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Why germany never had a four engined bomber?

Article about: General Walther Wever became the commander of the RLM in 1933 and Chief Of Staff of the Luftwaffe in 1935 and was a strong believer in the importance of having a strategic air force. However

  1. #21


    Hi Lithgow, Whilst I am inclined to agree with you to a point, what you may also considder is that post WWI, our (British) Military was almost obliterated by our political masters and rearmament was both costly, slow and late. Had General Wever built a startegic arm to the Lufwaffe in the early 30's, and inflicted sufficient damage to Britain in 1939/40, and given that a large part of our then Government wanted peace at any price, perhaps our will to fight without US support may have been significantly drained????? Further to extrapelate my point, in a single major front war with the USSR, it is my belief that yes, tactical advantage could and was won but with further strategic bombing the Luftwaffe could have brought Moscow to its knees??? Bear in mind that Stalin had decimated his own officer corps , his army was still equipped and fighting on a WW1 level and that he himself came to within a matter of days of requesting an armistice.

    Ergo, to say that "it's highly unlikely that even long range bombers would have had any real effect on the outcome of the war for the Germans" is, in my opinion, highly debateable. If used in sufficient numbers with appropriate targeting at the begining of the war when the USSR and the British were still trying to recover from the catastrophic political interventions both post WW1 and pre 1939, then, I believe that the Strategic use of long range heavy capacity bombers could and would have had a significant if not profound effect on WW2??

    However, can I suggest that we agree to differ???

    With regards and best wishes Michael Ryan

  2. #22


    Whilst the cut backs in defence post WW1 were significant, they did in fact spur the use of airpower as it was much faster and more flexible with limited resources-air policing in Iraq, N/W India etc-heavy bombers remained part of the RAF all through the interwar period, albeit in small numbers as part of a relatively small air force until rearmament started in the mid 1930s.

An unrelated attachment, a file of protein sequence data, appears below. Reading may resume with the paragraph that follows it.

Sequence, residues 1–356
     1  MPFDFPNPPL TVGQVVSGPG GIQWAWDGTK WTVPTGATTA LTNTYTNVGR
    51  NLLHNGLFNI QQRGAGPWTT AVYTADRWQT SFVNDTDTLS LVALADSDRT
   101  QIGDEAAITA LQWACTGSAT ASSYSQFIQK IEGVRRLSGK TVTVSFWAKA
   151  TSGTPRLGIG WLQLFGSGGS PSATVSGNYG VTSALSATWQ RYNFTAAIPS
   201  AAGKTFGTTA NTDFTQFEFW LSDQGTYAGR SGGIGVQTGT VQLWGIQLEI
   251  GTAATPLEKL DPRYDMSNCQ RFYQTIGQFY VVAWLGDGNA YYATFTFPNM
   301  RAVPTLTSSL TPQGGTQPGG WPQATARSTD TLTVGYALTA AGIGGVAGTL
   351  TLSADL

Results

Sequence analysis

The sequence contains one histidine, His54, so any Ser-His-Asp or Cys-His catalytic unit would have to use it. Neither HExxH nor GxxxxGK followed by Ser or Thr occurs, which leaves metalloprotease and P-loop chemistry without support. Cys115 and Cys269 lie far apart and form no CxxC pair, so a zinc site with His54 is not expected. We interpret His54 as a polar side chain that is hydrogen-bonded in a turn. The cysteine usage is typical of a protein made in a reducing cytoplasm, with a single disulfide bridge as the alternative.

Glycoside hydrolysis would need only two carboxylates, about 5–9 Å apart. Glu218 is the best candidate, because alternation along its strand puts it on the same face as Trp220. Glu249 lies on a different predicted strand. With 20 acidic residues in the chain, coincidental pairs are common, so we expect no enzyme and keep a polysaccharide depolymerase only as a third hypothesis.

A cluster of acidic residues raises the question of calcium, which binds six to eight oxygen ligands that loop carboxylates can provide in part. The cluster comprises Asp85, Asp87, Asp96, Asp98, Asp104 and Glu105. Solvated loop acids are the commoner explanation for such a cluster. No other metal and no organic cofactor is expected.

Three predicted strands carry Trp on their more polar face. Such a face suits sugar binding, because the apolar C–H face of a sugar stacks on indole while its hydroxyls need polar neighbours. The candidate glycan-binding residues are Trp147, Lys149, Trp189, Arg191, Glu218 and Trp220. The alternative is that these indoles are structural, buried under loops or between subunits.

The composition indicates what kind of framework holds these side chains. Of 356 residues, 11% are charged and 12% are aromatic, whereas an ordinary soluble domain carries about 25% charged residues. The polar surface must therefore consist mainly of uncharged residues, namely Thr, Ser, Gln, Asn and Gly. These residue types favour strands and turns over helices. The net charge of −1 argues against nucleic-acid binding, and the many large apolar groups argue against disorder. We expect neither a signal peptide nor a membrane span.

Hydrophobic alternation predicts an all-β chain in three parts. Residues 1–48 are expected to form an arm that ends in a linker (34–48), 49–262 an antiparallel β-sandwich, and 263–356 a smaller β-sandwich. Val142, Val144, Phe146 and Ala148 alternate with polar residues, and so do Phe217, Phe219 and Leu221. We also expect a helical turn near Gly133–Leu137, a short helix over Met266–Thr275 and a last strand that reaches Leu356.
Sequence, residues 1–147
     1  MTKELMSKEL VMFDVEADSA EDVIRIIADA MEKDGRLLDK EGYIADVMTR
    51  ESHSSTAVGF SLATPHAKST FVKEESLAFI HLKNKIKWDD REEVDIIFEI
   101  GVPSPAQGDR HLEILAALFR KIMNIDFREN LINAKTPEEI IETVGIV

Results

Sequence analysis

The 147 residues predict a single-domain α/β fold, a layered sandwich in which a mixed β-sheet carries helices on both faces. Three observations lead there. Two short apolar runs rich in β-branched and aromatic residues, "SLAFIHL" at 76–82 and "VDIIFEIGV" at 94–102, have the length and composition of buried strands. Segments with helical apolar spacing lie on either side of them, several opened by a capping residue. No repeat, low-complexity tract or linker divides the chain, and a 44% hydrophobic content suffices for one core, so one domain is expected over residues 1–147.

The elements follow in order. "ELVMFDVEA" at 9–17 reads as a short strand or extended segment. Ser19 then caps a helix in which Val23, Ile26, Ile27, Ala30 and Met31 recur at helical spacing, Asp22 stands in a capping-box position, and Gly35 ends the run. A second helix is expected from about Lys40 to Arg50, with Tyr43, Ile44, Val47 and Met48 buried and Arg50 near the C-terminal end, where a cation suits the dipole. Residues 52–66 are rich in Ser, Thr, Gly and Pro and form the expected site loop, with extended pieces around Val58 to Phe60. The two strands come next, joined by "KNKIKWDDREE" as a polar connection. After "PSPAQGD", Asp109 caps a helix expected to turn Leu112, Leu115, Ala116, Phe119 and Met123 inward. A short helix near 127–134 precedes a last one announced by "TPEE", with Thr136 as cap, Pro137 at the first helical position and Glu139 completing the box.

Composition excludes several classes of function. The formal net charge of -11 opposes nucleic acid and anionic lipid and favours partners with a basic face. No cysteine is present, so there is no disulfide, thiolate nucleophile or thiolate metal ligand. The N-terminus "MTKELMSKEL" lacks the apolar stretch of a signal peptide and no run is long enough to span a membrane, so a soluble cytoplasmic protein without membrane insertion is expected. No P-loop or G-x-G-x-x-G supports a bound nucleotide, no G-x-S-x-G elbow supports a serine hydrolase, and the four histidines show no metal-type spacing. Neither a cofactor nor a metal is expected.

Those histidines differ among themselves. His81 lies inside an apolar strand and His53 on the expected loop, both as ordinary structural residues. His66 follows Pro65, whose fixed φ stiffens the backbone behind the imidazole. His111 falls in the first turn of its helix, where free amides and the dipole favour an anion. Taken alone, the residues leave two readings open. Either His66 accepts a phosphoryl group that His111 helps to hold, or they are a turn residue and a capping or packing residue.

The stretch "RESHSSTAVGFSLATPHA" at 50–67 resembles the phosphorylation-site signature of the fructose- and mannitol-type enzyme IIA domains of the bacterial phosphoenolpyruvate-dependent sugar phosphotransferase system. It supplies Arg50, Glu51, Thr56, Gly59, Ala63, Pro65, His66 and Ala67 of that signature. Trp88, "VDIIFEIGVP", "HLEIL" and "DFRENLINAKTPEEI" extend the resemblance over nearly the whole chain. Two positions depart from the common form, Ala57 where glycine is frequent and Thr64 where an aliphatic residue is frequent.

As to the Germans, their prime failure in the Battle of Britain was the lack of long range fighter escorts, not a lack of long range bombers-the Bf 109 was a fighter intended for point defence against day bombers in the same way as the Spitfire and Hurricane-1940 saw the RAF fighters doing what they were designed to do-initial use of RAF bombers against German targets suffered a similar heavy loss rate by day, forcing the adoption of night bombing by both sides with a much reduced effectiveness until the RAF reached a critical mass in numbers and technology much later in the war-any bombing campaign against distant targets in the USSR would have faced the same problems.

  3. #23


    Hi Again Lithgow, Yes, I agree with what you are saying but I also feel that you are missing my point? I am not talking about the War as it was fought but rather, as it could have been fought especialy in its very early days. The point that I am trying to make is that had General Wever lived and created a heavy strategic long range bomber force in the 1930's, with, as you rightly say, a capable fighter support element, the Luftwaffe may, after a couple or more heavy raids, been able to intimidate us out of the war. There were a lot of senior political figures, not to mention the ex King, Edward VIII who were very much in favour of a peace pact with AH. As was AH himself! Ergo Wever's stratergy could have won where limited battlefield tactics patently did not. And yes in the mid 30's, the French, the British and the USSR all had relatively large air forces but all suffered from the same problems, little or no development, few and poor airfields, disjointed infrastructure, over deployment around the world, poor training and obsolescent to obsolete aircraft. Wever's concept, if used and planned correctly could well have won the war in the west with a knock out blow in the mid/late 30's, ergo, long before the B of B. The Germans wasted months during the phony war due to their over confidence and ineptetude thus giving Fighter Command the breathing space to build up sufficient streangth to even participe in the B of B let alone win it. Their over confidence, subservience and reliance on an untrained leader as the Commander in Chief led to many such cock ups leading to total defeat. I would cite Dunkirk, Stalingrad, North Africa and many more examples. With regard to the USSR, Uncle Joe was too busy murdering the vast majority of his marshals, generals and senior officers to retaliate or even defend his country in the face of a concentrated strategic air offencive by the Luftwaffe especially when supported by a capable army using blitzcrieg tactics.

    And lets not forget that the US were very isolationist during the 30's so it is most unlikely that they would have supported us let alone the USSR. So I would reiterate my opinion, that with a strategic bomber capability at the very begining of WWII, things could have turned out very differently by 1945. Thankfully for us, the Germans managed to lose a war which, in my opinion, they could well have won. To give one example of the gross mismanagement and inepetude of both the Luftwaffe, post General Wever and its High Command, vertually every bomber design submitted to the Luftwaffe had, by order, to have a dive bomber capability. A bit like the Vulcan and Fortress etc., or perhaps not???? They managed to snatch defeat out of the jaws of victory!!!

    Cheers MR

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